One advantage of the present invention is that the composition can be formulated and packaged such that parts A and B are both pastes or one being a paste (typically part A) and the other a liquid (typically part B). The paste-paste or paste-liquid combination allows for easy mixing of the two parts prior to use. Previously, some dental compositions have typically been supplied in powder-liquid form. For example, the dental cement in UK Patent Application No. 2 108 132 uses a zinc oxide powder. The powder presents drawbacks during the mixing process because more skill and care is required to dispense adequate amounts of the powder and liquid in making the dental composition.
Another advantage of the present invention is that the acid-reactive filler, in particular, the fluoroaluminosilicate (FAS) glass, is treated with a silane or silanol solution. Such treatment allows for increase FAS glass loading in the inventive composition and provides for increase in working time, both being desirable attributes in a dental composition. As an additional benefit, the high loading of the reactive glass fillers yield a radiopaque dental composition.
Yet another advantage is that the inventive composition is stable and does not settle during storage. The fillers can settle out of a dental composition during storage. Because of the size and density of the treated FAS glass filler, maintaining a homogeneous system can present a challenge. It is believed that the use of fatty acids minimizes, if not nearly eliminate, the filler from settling. The fatty acid imparts a yield stress to the dental composition thereby keeping the reactive glass particles from settling.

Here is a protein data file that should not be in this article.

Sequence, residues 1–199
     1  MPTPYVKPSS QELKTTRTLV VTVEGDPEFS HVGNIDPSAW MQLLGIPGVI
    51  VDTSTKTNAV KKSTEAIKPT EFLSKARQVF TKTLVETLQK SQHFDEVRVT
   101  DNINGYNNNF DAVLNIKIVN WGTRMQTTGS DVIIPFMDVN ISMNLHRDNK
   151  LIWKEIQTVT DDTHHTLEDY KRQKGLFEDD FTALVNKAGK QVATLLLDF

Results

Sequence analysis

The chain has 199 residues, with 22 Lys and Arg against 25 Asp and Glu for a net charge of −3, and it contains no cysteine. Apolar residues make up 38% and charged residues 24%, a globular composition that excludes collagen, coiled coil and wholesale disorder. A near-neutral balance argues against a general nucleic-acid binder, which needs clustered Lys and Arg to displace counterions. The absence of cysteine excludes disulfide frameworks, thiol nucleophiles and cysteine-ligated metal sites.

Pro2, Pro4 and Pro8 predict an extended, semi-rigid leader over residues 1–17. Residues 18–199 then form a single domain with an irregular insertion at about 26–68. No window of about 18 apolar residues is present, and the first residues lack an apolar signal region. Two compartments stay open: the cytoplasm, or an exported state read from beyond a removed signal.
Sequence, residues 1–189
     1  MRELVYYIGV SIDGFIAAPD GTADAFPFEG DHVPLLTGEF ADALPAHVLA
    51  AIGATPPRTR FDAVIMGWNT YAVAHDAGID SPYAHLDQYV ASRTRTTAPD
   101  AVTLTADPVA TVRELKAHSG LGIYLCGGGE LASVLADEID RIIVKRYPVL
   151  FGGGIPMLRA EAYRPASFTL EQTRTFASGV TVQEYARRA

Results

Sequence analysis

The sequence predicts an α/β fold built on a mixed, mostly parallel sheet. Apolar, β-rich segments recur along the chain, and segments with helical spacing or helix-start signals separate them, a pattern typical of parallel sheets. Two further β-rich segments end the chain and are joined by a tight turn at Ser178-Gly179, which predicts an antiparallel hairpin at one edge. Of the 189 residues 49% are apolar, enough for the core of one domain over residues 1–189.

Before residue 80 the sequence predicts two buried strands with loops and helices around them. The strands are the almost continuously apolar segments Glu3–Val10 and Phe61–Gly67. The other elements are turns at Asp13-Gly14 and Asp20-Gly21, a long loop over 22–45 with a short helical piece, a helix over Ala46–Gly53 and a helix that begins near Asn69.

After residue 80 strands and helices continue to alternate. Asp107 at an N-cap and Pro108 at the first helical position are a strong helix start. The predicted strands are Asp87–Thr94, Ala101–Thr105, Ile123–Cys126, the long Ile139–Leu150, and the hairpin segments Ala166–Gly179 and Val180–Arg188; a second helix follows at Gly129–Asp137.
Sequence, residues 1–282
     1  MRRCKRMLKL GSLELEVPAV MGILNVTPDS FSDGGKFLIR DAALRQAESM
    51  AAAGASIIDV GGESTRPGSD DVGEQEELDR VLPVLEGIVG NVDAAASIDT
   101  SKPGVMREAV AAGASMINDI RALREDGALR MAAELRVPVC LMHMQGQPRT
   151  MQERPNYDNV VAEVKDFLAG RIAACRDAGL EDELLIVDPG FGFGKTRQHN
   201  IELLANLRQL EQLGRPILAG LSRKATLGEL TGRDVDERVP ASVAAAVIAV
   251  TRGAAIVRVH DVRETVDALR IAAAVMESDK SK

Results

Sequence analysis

Yet with such a high loading of reactive glass, the physical and rheology properties of the inventive material remain well suited for dental applications. In particular, the inventive composition has good adhesion to dental structures and good compressive strength.
The inventive dental composition can be used in various applications. Such applications include dental adhesives, artificial crowns, anterior or posterior fillings, casting materials, cavity liners, cements, coating compositions, mill blanks, adhesives and cements for affixing orthodontic brackets and appliances, endodontic cements, restoratives, prostheses, and sealants. The materials can be placed in the mouth and cured in situ. Alternatively, it may be fabricated into a prosthesis outside the mouth and subsequently adhered in place in the mouth.